It was a very proud moment for me when Dames Bond was recognized by Forbes and Money magazines for providing unique networking events and the only all-female business directory free to consumers.
Interestingly, I had a lot of female artisans who wanted to be a part of the business community. I had to figure out how to get their products noticed and in the hands of consumers, so I opened the Dames Bond Marketplace, a first-of-its-kind retail consignment shop that showcased products made solely by women.
Continuing my passion to champion women, in 2016 I created Speaking of Gender, a citizen action group that champions gender balance and equality. Our mission is simple: to ensure that women are included in leadership and speaking roles in professional and public programs.
And then the election happened.
It’s a nightmare that haunts me to this day. I never felt so afraid for our futures, especially women, the GLBTQ community and people of color. And while the thought of politics still confused and frightened me, I knew I had to step up, get involved and figure out how to get America back again. Even through the devastation, I still had hope.
A year ago, when the Women’s March on Washington was being organized, I helped fill two coach buses and created a rolling workshop to educate and inspire all 120 people traveling with us. We had speakers such as former U.S. Rep. Mary Jo Kilroy of Columbus, state Rep. Teresa Fedor of Toledo, a social worker, a counselor and a police officer, all to support “why” we were going, “how” to be safe and “what” we could bring back to Ohio.
We wanted to create change, advocate for the health and safety of females, and for women to have the freedom and right of choice.
During the march, I witnessed over a million women, men and children of all races and backgrounds gather to lend their voices and be heard. To say I was incredibly moved doesn’t touch the surface. To this day, thoughts of the march give me chills and an overwhelming sense of emotion and pride.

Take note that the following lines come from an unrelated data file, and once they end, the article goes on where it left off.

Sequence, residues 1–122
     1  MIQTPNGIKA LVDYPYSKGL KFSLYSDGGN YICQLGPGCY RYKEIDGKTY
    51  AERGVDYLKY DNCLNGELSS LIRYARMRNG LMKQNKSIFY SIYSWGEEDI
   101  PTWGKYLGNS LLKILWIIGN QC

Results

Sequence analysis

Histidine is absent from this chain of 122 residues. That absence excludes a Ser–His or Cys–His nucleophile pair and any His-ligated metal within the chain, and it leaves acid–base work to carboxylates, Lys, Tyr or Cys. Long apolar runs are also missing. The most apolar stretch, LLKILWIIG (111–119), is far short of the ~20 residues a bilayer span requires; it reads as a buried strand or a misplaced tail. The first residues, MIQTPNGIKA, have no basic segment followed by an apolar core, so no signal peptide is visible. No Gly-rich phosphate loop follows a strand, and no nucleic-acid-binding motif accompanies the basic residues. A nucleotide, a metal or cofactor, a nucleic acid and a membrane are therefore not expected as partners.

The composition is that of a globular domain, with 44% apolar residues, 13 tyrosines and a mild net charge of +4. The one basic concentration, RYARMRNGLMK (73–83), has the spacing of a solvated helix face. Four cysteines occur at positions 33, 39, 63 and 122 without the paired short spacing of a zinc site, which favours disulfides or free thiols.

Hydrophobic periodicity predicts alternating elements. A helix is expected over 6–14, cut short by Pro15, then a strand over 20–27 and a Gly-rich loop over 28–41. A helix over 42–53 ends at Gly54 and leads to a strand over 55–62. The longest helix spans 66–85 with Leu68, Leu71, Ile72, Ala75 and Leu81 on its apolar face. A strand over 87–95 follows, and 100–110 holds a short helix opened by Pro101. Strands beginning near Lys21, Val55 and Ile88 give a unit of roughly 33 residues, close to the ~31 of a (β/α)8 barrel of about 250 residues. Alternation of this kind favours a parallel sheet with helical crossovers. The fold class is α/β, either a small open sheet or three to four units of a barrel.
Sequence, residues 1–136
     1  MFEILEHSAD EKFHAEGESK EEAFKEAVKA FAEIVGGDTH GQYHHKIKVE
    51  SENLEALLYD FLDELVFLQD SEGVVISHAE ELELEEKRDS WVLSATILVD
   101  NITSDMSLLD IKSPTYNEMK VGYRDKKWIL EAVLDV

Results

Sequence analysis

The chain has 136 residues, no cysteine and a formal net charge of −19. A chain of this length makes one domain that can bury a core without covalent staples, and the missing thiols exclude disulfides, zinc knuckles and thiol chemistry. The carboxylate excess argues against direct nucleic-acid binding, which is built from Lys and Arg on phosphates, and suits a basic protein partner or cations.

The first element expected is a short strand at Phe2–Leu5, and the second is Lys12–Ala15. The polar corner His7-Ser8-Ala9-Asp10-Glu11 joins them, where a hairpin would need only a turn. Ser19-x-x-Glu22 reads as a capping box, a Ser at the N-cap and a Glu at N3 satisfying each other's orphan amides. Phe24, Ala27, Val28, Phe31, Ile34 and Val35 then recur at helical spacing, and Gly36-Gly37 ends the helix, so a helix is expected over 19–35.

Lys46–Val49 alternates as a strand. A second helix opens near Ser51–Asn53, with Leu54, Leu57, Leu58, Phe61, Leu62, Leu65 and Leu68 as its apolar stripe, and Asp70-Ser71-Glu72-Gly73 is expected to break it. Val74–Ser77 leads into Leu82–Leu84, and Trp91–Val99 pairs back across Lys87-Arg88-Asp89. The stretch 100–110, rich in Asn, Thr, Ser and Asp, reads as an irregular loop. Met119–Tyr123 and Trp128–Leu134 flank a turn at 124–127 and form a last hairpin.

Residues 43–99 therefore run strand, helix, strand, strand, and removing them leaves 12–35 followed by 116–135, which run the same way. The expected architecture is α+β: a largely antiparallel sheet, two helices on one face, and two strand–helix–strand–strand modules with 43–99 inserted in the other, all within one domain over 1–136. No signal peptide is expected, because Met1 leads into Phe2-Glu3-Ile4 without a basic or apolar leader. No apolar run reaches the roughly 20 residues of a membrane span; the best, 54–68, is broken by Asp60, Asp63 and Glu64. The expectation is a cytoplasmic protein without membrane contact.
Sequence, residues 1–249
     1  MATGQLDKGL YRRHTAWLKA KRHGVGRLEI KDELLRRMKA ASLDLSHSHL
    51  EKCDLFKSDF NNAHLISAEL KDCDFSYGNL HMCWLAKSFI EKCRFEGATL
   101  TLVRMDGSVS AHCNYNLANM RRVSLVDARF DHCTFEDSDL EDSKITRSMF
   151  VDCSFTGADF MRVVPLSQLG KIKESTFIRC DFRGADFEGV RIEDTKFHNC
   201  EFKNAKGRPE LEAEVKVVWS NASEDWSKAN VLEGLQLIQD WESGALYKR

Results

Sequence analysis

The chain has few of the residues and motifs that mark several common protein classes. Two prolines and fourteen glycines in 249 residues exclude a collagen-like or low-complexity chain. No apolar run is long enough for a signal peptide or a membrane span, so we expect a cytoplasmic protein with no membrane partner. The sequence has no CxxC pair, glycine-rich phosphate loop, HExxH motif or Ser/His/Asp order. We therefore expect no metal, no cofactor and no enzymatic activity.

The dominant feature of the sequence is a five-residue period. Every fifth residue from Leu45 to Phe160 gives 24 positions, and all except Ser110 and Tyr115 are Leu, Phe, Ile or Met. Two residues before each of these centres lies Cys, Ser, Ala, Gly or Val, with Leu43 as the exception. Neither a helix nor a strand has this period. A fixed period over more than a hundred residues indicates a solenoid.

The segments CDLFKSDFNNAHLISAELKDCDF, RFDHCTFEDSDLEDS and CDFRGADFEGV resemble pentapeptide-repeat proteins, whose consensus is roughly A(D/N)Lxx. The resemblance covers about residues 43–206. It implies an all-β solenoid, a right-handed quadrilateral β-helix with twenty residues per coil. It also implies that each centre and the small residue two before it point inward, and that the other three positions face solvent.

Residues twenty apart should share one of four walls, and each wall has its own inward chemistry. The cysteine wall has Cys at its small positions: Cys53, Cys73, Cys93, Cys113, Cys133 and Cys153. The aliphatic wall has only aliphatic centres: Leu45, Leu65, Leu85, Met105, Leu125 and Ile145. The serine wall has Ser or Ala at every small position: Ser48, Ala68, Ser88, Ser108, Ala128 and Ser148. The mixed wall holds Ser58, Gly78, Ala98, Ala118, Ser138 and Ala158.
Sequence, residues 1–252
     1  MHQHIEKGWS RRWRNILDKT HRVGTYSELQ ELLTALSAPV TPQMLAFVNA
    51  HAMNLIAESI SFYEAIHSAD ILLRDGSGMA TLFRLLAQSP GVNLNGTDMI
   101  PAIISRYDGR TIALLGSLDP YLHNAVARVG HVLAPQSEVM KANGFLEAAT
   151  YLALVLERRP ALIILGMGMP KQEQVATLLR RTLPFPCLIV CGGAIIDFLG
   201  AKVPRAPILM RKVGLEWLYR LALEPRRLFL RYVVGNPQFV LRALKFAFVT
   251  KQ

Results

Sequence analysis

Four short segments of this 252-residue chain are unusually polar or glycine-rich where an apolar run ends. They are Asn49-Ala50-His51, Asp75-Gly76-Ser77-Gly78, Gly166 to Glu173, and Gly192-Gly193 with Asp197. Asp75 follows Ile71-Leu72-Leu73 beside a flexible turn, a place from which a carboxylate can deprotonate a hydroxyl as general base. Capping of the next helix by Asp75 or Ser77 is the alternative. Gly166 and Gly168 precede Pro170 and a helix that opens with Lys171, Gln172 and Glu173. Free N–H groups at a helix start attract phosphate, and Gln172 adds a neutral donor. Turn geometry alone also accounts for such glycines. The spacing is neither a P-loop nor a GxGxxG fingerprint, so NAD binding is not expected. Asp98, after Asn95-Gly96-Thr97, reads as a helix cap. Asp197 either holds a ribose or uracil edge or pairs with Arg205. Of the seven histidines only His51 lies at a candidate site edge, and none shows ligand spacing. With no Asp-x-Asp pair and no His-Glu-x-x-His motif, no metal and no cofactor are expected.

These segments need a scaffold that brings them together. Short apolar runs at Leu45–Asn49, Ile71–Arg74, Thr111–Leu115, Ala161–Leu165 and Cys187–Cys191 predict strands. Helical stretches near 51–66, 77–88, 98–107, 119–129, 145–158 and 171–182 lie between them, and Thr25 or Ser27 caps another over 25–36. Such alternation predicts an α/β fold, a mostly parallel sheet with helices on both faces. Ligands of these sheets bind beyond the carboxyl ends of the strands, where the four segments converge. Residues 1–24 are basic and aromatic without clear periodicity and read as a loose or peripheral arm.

As we left D.C., I felt a greater sense of hope for America’s future, but I still couldn’t help but wonder how many would return home without an advocate and champion, voiceless, alone and afraid.
I came back to Columbus more compelled than ever to get involved on a larger scale and to create a platform where people not only feel they have a voice, but an advocate to champion change.
If running for office was imminent, I had a lot to learn and fast.
I am running for state representative in District 24, which includes the Clintonville area of Columbus, Upper Arlington, Hillard, and western Franklin County.
In fact, I’m so passionate about working for the people, my partner and I purposefully bought a home and moved into this district so that I could run. I can no longer sit idly by, watching the current government strip from us our right to live freely, equally and with dignity.
I am going to be a representative who engages the community. I’ll be a voice of the district who works on legislation and connects Ohio citizens to resources that can improve their quality of life.
I plan to establish relationships on both sides of the aisle. I will focus on equal pay, providing a living wage, race and gender equality and, most certainly, building the economy one small business at a time.
Gone are the days when people feel voiceless, alone and afraid for our future.